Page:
Sensei happy in his new life.
Working with Sensei, a once-wild mustang stallion rounded up by the Bureau of Land Management, awakened my compassion for wild horses. Sensei’s journey was full of trials and tribulations, pain and loss, but lucky for him it has a happy ending. That’s not the case for thousands of mustangs in the United States.
You’re likely familiar with the plight of wild mustangs like Sensei and the loss of their grazing lands. This awareness may have led you to ask, “What can I do to help?” Sensei’s courageous heart, deep intelligence, and unexpected gentleness have led me to ask the same thing.
When I see how far this little brave mustang has come in such a short time, I can’t help but think of the thousands of wild horses and burros in the BLM’s holding facilities--45,000 at last count.
It occurs to me these animals are just like Sensei—scared, untrained, and amazing. They combine all the fierceness of a wild animal coupled with a gentle heart that responds to patience, kindness, and consistency.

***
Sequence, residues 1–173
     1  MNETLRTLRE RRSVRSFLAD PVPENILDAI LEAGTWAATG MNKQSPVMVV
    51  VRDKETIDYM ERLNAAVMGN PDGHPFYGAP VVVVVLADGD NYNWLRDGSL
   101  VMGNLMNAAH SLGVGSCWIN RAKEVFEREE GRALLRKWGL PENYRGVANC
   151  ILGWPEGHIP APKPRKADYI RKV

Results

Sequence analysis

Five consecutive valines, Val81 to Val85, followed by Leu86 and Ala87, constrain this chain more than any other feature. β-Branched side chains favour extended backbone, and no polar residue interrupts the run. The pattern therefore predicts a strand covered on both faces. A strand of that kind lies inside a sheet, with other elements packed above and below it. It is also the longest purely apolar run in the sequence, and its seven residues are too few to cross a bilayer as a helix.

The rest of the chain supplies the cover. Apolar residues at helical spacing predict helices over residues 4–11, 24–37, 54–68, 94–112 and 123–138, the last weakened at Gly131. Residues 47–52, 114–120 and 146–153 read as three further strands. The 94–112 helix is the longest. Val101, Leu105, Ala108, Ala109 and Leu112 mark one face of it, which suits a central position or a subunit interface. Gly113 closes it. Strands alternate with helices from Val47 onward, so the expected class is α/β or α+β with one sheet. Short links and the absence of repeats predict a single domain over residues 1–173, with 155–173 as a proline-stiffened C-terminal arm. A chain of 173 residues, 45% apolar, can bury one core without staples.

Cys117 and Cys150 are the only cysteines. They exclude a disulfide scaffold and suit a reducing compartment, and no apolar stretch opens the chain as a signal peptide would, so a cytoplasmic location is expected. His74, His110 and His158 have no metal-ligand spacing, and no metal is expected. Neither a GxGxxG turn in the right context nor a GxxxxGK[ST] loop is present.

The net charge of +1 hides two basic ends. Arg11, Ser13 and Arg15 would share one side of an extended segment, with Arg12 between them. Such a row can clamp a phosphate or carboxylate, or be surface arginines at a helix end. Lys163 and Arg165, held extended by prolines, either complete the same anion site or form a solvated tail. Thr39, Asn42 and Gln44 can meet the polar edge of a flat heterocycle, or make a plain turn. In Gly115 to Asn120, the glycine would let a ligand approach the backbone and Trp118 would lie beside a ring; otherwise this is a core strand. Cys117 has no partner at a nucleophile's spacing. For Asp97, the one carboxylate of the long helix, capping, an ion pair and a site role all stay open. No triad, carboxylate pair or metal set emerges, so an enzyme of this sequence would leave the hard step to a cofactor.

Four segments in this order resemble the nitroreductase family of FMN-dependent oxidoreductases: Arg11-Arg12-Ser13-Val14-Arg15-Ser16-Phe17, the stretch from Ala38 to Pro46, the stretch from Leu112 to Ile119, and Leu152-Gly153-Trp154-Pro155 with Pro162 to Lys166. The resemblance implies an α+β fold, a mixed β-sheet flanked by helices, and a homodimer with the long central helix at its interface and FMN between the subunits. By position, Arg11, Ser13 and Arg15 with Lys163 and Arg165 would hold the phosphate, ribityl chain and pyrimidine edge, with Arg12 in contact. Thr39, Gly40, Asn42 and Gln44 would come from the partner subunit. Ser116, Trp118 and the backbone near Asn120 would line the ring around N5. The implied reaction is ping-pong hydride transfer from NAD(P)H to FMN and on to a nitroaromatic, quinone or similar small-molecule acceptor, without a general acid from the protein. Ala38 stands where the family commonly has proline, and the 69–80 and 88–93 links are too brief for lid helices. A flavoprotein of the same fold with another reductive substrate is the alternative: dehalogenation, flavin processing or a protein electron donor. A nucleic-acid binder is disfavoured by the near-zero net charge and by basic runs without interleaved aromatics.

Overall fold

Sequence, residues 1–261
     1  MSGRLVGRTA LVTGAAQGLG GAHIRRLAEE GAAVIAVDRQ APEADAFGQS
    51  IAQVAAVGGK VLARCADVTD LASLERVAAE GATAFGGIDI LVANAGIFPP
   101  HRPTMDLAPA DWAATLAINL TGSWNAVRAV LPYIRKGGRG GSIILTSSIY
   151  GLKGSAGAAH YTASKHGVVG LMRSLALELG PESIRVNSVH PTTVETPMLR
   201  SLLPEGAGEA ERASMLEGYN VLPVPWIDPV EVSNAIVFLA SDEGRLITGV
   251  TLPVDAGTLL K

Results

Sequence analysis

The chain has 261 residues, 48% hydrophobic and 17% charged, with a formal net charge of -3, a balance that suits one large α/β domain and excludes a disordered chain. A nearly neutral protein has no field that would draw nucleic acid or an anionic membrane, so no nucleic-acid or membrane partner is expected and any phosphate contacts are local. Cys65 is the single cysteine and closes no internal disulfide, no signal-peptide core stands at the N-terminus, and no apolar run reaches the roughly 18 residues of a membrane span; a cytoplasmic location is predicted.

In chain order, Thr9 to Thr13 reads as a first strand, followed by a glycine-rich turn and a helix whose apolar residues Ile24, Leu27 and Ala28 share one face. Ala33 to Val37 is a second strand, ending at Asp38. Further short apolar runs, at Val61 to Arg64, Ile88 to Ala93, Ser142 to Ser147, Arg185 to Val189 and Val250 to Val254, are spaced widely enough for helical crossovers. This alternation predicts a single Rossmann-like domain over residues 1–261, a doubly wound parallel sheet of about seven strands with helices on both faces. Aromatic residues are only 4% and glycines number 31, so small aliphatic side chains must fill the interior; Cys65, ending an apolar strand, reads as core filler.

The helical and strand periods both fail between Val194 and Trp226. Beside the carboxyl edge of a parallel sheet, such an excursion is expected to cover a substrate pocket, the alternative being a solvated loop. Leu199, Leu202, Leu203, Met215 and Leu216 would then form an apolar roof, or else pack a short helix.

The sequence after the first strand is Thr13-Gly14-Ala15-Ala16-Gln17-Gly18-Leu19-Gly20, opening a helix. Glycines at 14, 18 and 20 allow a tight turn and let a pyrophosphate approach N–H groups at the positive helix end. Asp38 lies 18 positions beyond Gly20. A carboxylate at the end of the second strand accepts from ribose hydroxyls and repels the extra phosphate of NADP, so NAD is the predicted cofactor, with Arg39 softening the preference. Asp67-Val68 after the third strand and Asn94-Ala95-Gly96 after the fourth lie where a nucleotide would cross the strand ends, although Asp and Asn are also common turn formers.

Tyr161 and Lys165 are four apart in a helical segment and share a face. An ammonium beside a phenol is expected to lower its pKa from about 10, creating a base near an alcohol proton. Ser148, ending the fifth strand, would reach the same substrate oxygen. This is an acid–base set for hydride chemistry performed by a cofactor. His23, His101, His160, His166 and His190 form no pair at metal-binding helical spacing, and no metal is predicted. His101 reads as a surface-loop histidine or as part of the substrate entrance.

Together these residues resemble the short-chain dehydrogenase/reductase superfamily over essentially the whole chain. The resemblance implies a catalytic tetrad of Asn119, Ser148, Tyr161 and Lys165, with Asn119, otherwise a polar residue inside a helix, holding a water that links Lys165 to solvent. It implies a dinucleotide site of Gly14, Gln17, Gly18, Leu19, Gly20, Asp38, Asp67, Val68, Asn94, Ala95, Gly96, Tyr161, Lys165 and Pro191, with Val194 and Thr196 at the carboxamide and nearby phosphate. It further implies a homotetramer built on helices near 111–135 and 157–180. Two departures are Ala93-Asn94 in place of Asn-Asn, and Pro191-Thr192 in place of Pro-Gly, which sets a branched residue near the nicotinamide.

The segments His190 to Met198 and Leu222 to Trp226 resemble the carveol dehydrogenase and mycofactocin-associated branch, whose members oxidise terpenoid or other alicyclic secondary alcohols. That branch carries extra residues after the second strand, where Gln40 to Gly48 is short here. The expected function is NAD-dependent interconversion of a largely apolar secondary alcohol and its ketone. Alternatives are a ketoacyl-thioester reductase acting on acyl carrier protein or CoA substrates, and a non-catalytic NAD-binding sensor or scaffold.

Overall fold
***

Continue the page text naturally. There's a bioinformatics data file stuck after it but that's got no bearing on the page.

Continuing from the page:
Sensei’s willingness to show up and “try” every day is nothing short of miraculous. His journey and history with humans wasn’t a pleasant one. After being rounded up, he was sent to a holding facility. Then Sensei was adopted by an individual who abused and neglected him so severely, he was removed by an animal welfare organization.
Yet despite Sensei’s past, this little horse would push aside the trauma and pain of the past to show up and try in every single session. I believe every horse has this try in them and deserves a chance at partnership.
How can we help horses like Sensei? Well, the first, most obvious option is to adopt a mustang for your next trail horse. If this option appeals to you, check out this article to see whether adopting a wild mustang might be right for you: http://trailridermag.com/article/adopt-wild-horse-28669
If you’re interested in a mustang with some training, check out these valuable resources: www.equine.com or www.ahomeforeveryhorse.com.
If adoption isn’t in the cards right now, reach out to your congressional representatives. Let them know how you feel about the plight of the wild horse. Here’s a link to help you get started: https://www.usa.gov/elected-officials/
You can also volunteer at a mustang rescue or with the BLM. For information about how to become a volunteer with the BLM, go to http://www.blm.gov.
These majestic symbols of the American spirit are in need help. Just one small gesture could make all the difference for one mustang or many.